July 01, 2014

ABC News now in Warlpiri and Djambarrpuyngu!

Today is Territory Day and while I am a proud Territorian in many ways, it's a challenging place and there is lots going on here that I don't particular like or value. Any long-term readers of my blog will probably notice that I've become increasingly jaded over the years and am now thoroughly disillusioned with many things that happen in the NT, like the Government's poor record of education delivery in remote communities and the increasing push for mining development that undermines environmental concerns and Aboriginal relationships to country. My list of gripes is pretty endless.

A constant on that list is the neglectful treatment of Aboriginal languages and failure of so many to value the amazing linguistic diversity found in the Northern Territory, which has been diminishing unabated for decades now. Official language policy in the NT fits nicely within what gets described as a 'Laissez-faire policy' where Aboriginal languages aren't explicitly denigrated, just forgotten about and left to wither:
Laissez-faire policies mean that the languages of power and prestige will eventually take over in all situations of contact. Benign neglect …[is] always de facto support for the language of the group that is already dominant. - Wright (2004: 187). Quoted in Sallabank Julia & Austin Peter K., Cambridge Handbook of Endangered Languages, 2011.
For a language to have a good chance of survival, more needs to happen than just having it spoken at home and learned by kids as a mother tongue. Healthy languages are found in many more domains than that. They're used in the marketplace and in commerce. They're used in artistic expression. They're used in schools as a tool of education (hence I keep banging on about the importance of bilingual education). They're used in various levels of government, maybe in courts too.

Another crucial domain is media. Which is why I am absolutely over-the-moon to learn today that the ABC is trialling the provision of a news service in two NT languages: Warlpiri and Yolŋu Matha (or more specifically, Djambarrpuyŋu). All of a sudden, I have something to be very proud of on Territory Day! Good on the ABC for this initiative and also to the NT Government's Aboriginal Interpreter Services for getting the language content together.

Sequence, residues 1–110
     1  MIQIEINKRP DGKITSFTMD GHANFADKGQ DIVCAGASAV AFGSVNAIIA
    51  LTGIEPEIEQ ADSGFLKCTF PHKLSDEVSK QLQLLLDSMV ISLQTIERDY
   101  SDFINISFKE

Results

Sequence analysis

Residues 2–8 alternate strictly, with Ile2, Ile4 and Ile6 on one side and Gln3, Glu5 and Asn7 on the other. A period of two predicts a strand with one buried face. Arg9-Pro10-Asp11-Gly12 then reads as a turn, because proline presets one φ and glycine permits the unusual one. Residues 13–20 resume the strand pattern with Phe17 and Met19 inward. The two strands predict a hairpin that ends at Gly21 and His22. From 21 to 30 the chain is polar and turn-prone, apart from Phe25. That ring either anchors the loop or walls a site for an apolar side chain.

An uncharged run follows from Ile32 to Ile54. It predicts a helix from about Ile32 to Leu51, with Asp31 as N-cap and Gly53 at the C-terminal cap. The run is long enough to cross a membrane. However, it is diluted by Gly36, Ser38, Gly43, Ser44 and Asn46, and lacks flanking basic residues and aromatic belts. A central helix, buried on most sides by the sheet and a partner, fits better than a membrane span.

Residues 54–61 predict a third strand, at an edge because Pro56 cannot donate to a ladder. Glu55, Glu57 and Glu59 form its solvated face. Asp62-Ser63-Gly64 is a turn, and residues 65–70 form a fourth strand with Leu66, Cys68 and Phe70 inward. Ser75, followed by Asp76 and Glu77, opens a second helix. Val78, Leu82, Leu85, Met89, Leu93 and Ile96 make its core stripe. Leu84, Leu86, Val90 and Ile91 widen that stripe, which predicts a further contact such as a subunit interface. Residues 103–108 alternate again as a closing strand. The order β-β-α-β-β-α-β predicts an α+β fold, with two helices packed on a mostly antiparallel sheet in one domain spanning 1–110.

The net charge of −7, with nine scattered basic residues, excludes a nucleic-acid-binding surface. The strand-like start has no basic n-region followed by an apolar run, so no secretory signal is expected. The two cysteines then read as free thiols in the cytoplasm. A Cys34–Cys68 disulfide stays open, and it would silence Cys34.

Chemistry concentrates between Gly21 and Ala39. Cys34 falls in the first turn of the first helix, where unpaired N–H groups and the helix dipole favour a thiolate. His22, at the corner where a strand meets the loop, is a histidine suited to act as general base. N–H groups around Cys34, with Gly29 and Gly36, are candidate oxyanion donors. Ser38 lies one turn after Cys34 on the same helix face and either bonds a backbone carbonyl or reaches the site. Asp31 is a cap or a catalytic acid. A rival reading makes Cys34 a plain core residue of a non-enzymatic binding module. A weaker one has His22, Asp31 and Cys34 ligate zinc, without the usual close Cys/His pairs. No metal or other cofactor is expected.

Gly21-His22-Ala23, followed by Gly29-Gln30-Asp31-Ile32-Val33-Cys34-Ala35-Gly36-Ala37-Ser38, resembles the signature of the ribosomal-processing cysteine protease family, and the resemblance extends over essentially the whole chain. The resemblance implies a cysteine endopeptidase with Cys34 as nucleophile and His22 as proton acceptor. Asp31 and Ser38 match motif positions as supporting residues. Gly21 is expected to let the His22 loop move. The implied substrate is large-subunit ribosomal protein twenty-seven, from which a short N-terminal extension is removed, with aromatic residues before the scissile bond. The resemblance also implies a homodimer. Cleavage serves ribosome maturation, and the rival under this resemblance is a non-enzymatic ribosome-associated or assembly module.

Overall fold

Symbolically, this means a lot for the status and vitality of these languages. Communicatively, I really hope the reports find an audience and result in better dissemination of news. There are several thousand speakers of both Warlpiri and Djambarrpuyŋu, spread across a number of decent-sized remote communities. I note that the ABC is encouraging localised remote broadcasters to rebroadcast the reports and I hope they do. I wish the ABC and all involved good luck with the venture. The gesture and effort is already greatly appreciated by this renewedly-proud Territorian!


Unknown said...

Such great news! It's really nice just to be able to hear both the languages (and when you listen to both from today it's pretty clear just how different the languages are). I'd love to see the news in Kriol too.

Anonymous said...

I had to change the file extension from .wav to .mp3 to get it to play.

The language is great! But what really struck me in the Djambarrpuyŋu broadcast was the intonation. It's newscaster intonation, sounds quite different from other Yolŋu genres. Now I want to get a corpus of the broadcasts together!

David Nash said...

Sounds to me like regular reading intonation (I mean, not just newscaster).

Steve from the Alice said...

Hi David, you and I and many others, from all countries, political and religious perspectives, have been on the front lines and/or behind the lines for many years fighting what often is a desperate and seemingly rear-guard action to promote Aboriginal languages. Most of the time, our efforts are just that--desperate defensive efforts.

Well, at the risk of melodrama, may I suggest that the Normandy beachhead has been established. In fact two beachheads--one in the north and one in the south: Yolngu Matha and Warlpiri.

Is it too much to believe that through AIS, my current employer, we have now placed into the hands of the speakers of two major languages in the Northern Territory the language weapons necessary to not just defend, but restore the rightful balance in the NT through these daily news summaries?

I should add, that AIS in its daily interpretations of the ABC news seeks not to distort the true message contained, often in hidden form with English jargon, but to reveal it.

I personally am trusting that speakers of the dozens of other languages, not only in the NT but in the other states will be inspired by this effort.

Marion said...

I couldn't get it to play. I'd love to hear what these languages sound like!

nginarra said...

The two best ways to listen to the news in Warlpiri or Yolŋu Matha:

ABC Darwin's Soundcloud site: https://soundcloud.com/darwinabc

All the old reports are available there and you can download them as MP3s as well

If you just the most recent reports, you can listen and download at: http://www.abc.net.au/news/indigenous/

Hope this helps!

David Nash said...

'ABC RN Media Report on ABC NT Indigenous language news bulletins'